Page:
someone giving themselves advice for someone diagnosed with myasthenia gravis

5 Things I Wish I Knew When I Was Diagnosed with MG

This year marks 10 years since myasthenia gravis (MG) began for me. My official 10 year anniversary of living with this disease. Looking back, I had so many thoughts running through my head when I received the diagnosis from my doctor.

There was denial and there was disbelief. There were so many fears and so many doubts. The uncertainty of what my life would be like was as confusing and it was terrifying. What would my future would hold? What would the future of my kids look like now?

I wish I could go back and tell that woman then that it would be okay. Really. Not only will she survive, but she will have her quality of life back again. If I could share with someone newly diagnosed what I know now that I wish I would have known then, it would be these 5 things.

Your life is going to change

First, your life is going to change. That’s not necessarily a bad thing though. There are so many ways I’ve grown and in areas I might not ever have had I not been diagnosed with this disease. I’ve learned what matters; what really, truly matters in life.

I’ve grown into someone who I’m very proud of. I’ve learned how to be strong. How to overcome challenges. How to not sweat the small stuff, and as my dad would say, "it’s all small stuff." I’ve learned to be my own advocate and how to fight for my health in ways I wouldn’t have before.

Your story can help someone

Second, your story can help someone. This was hugely motivating for me when I turned the disease into a purpose. A purpose to help share my story with others with the idea of helping them. This allowed me to be empowered, instead of playing the victim.

Your life is not over

Third, your life is not over. There will bad days, bad weeks, and maybe even bad months or years. But don’t live in those. During those moments, find the little things that make life worth it. The simplest of gratitude for what you can do will have a huge impact on your health and recovery. In my experience, a positive outlook is by far the most important thing you need to live with this illness.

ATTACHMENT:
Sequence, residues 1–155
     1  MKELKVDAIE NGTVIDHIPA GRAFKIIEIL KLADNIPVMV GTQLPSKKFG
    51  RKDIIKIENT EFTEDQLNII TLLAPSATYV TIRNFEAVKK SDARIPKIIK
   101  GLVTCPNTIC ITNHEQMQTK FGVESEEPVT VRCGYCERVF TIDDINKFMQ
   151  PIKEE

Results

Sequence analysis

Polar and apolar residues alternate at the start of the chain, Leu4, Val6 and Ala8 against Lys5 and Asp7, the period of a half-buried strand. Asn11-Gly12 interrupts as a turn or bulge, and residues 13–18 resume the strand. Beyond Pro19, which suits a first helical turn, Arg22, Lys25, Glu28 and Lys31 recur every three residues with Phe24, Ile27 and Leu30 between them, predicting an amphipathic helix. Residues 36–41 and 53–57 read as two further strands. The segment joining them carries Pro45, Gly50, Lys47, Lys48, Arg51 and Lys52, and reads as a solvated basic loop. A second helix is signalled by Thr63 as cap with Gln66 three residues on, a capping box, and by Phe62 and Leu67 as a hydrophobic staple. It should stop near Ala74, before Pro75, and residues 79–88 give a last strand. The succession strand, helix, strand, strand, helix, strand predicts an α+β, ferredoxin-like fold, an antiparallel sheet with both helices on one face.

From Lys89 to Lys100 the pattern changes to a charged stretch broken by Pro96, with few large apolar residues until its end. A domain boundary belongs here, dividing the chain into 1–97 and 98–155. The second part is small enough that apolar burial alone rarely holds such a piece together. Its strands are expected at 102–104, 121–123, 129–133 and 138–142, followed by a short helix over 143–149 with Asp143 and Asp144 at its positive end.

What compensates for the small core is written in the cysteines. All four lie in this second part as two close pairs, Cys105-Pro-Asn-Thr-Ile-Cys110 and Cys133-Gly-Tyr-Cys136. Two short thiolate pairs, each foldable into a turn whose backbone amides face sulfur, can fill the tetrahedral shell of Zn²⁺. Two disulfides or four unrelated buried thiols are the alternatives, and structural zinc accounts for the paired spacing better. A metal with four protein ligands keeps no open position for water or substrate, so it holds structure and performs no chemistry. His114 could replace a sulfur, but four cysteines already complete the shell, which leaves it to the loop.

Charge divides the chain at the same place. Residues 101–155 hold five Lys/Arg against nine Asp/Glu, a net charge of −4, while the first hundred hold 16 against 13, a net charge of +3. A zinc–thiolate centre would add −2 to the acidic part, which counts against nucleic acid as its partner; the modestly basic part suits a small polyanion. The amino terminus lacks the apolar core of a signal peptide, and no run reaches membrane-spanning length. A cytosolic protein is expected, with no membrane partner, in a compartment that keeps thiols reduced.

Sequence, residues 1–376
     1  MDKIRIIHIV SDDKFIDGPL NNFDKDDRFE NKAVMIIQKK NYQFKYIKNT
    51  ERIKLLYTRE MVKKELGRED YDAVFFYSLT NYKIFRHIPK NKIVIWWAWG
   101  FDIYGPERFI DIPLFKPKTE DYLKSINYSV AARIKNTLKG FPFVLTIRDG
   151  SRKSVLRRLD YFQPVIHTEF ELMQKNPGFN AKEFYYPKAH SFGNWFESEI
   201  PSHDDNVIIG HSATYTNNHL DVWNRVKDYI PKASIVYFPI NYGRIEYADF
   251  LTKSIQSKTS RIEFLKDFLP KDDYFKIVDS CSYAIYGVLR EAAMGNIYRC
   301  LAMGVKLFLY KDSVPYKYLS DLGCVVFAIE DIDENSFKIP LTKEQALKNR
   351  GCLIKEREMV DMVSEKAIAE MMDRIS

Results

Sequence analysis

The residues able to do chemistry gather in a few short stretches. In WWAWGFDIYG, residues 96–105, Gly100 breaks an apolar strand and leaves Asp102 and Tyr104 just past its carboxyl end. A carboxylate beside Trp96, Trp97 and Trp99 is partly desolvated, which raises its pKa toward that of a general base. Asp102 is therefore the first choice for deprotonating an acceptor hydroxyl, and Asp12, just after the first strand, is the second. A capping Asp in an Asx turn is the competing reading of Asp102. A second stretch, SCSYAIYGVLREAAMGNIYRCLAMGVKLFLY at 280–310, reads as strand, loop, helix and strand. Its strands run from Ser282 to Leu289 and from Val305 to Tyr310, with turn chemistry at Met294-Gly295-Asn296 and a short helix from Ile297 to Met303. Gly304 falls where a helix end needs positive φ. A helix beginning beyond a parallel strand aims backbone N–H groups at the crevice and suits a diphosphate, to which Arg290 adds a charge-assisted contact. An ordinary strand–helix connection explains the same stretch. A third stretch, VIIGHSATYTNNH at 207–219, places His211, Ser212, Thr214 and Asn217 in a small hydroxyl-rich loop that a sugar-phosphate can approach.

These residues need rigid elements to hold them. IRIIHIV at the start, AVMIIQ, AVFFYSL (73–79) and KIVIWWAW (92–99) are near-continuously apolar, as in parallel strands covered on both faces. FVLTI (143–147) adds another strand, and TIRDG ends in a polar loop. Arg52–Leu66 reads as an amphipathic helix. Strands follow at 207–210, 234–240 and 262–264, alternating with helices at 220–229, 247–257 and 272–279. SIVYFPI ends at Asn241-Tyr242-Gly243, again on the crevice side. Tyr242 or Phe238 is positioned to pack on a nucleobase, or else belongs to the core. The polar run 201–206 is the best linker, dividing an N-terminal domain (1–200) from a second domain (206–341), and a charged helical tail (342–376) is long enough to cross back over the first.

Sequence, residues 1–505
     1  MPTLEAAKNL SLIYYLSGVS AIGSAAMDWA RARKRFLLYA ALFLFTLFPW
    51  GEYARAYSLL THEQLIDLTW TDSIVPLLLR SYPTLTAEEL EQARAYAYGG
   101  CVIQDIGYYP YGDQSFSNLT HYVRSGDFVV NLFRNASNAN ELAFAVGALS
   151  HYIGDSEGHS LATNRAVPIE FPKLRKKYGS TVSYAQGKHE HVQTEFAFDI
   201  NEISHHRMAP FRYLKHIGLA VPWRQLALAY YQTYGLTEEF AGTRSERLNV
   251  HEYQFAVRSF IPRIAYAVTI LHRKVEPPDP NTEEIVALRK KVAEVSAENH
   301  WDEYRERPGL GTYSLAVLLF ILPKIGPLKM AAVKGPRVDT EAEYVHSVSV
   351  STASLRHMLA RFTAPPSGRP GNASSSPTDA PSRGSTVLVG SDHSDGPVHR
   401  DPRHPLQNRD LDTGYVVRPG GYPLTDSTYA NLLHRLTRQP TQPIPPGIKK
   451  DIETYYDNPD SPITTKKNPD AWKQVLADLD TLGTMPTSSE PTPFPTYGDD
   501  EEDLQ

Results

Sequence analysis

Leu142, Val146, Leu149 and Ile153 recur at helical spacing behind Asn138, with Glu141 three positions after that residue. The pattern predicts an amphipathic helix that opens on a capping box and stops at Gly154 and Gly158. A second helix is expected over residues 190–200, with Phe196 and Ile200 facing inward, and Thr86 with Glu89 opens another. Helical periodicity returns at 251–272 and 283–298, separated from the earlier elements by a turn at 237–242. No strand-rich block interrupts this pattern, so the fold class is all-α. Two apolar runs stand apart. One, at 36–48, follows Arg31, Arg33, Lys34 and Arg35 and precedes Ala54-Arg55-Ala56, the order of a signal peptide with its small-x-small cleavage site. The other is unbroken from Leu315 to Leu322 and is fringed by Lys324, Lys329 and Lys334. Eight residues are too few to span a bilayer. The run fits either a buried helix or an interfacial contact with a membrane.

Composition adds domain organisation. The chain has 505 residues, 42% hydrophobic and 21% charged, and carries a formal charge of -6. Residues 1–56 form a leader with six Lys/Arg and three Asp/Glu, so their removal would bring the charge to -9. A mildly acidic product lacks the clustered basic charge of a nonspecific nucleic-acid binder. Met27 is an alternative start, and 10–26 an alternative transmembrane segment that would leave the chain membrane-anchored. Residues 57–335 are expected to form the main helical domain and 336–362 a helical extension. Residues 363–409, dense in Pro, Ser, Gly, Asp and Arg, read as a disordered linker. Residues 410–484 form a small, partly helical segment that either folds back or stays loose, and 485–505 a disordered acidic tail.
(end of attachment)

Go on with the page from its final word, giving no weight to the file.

You will learn your triggers

Fourth, you will become familiar with what your triggers are, what to avoid, and what to do when symptoms come on. This was one of the most terrifying things for me in the beginning ... the unpredictable nature of the disease. I thought that I’d never be able to live a normal life with this grey cloud over my head continuously that could rain at anytime.

Thinking that symptoms can just appear out of nowhere, for no reason scared me in more ways than one. The more I became aware of my body, however, the more I became aware of my triggers.

Now I know what to do when I start feeling symptoms, what to avoid, or maybe what to just prepare for in advance. Getting some control back in this area has allowed me to not be in fight of flight mode all the time which in turn has also helped my recovery.

Flares will not last forever

Lastly, know that when you have flare, it will not last forever. This was one of the more challenging things for me to overcome.

Every time I felt symptoms come on, every time I’d feel awful, it felt like it would never end. I would sometimes accept that that was the way I was meant to feel and tried to live a life despite it, but then the clouds would lift and I’d feel better slowly but surely. The key for me was to not rush the process otherwise it would set me back.

Living life despite MG

I look back at these last 10 years of my life and I feel proud. I’ve chosen to live a life despite this disease. When I look back at the memories I’ve created with my family, I don’t remember how awful I felt or how hard I had to push through the symptoms. I just remember living. Despite it all and against the odds, I’ve adapted and I’ve lived. And that’s something I never thought possible.

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This article represents the opinions, thoughts, and experiences of the author; none of this content has been paid for by any advertiser. The team does not recommend or endorse any products or treatments discussed herein. Learn more about how we maintain editorial integrity here.

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